Eight years can cure a lot of hard feelings. Just ask Dallas Mavericks owner Mark Cuban.
It’s been nearly a decade since the Miami Heat won their first NBA championship at the expense of the Mavericks. Along the way, many things changed. The Mavericks faced the Heat again in the Finals, this time winning it in 2011. The Heat went through the ‘Big Three’ phase with LeBron James and won a couple more championships.
“At the beginning, I did because I think he thought he was entitled to everything that happened in that (2006) series. But it’s been eight years. I mean, I take a little bit of joy in games where he doesn’t go to the free throw line. But I like D-Wade now. He’s a guy who does a lot of good things off the court and I have to respect that.”
For those that were living under a rock during the 2006 NBA Finals, the Mavericks led that series 2-0 and held home-court advantage. Unfortunately, Dallas suffered a major collapse by losing the final four games of the series, including Game 6 on their own home floor.
However, it wasn’t just the collapse that rubbed a sour taste in the mouth of Cuban–it was the fact that Wade went to the free-throw line 97 times during that Finals, averaging just over 16 attempts a game from the charity stripe.
Game 5 of that series saw Wade go to the line 25 times, while the Game 6 series finale had ‘Flash’ go to the charity stripe on 21 occasions.
Cuban followed up on his remarks:
“But if you’d have asked me eight years ago, it would have been a different answer. There was a time I did a commercial and he was there. He walked out of the room so I wouldn’t see him. I walked out a different door so I wouldn’t have to talk to him.”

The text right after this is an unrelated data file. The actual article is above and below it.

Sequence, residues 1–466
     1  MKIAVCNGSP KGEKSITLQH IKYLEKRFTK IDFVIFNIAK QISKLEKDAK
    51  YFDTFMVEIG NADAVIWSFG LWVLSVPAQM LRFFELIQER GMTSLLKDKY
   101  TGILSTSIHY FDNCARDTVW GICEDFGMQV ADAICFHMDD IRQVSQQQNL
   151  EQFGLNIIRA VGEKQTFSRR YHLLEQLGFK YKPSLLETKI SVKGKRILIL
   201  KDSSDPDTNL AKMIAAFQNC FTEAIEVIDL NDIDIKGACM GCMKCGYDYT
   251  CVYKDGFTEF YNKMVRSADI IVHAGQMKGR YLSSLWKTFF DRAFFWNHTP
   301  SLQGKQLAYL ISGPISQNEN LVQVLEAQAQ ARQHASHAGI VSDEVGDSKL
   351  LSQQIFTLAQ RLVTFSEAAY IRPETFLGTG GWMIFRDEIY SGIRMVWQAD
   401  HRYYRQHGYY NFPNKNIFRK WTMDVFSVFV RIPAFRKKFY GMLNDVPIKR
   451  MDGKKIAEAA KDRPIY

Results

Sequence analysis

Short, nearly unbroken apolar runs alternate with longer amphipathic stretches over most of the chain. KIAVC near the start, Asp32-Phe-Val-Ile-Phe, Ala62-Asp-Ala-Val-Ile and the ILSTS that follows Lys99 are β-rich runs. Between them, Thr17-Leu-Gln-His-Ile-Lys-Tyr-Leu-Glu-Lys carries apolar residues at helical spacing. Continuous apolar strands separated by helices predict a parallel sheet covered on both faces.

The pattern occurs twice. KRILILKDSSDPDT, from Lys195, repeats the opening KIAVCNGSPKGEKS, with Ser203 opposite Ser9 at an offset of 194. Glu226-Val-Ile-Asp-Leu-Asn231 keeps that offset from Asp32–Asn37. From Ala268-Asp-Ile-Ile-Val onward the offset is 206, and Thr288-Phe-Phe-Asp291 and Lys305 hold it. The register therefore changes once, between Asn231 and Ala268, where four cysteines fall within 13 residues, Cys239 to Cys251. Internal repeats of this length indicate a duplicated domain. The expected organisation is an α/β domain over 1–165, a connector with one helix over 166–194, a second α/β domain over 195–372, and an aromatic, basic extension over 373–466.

The third-year guard averaged 34.7 points, 7.8 rebounds, 3.8 assists and 2.7 steals per game in the 2006 NBA Finals. It is widely regarded as one of the greatest Finals performances of all time. In fact, John Hollinger of ESPN named it the greatest Finals series of any individual player back in 2012.
Cuban also complimented Wade on the ambassador role he’s taken on for the NBA in recent years, and his growing maturity after his years spent teaming with LeBron:
“I give him credit off the court. He’s gone from flash to being a good representative of the NBA. I respect that. He seems to be more about family and community. He went through some off-the-court hardships, I guess. But yeah, I have a lot of respect for him now. I think he and LeBron helped each other grow up. I don’t hold a lot of animosity at all.”
Wade’s contributions to the South Florida community on-and-off the court have made him a legend in the region. The fact that Cuban recognizes such a trait is a nice touch despite the Mavs-Heat rivalry over recent years.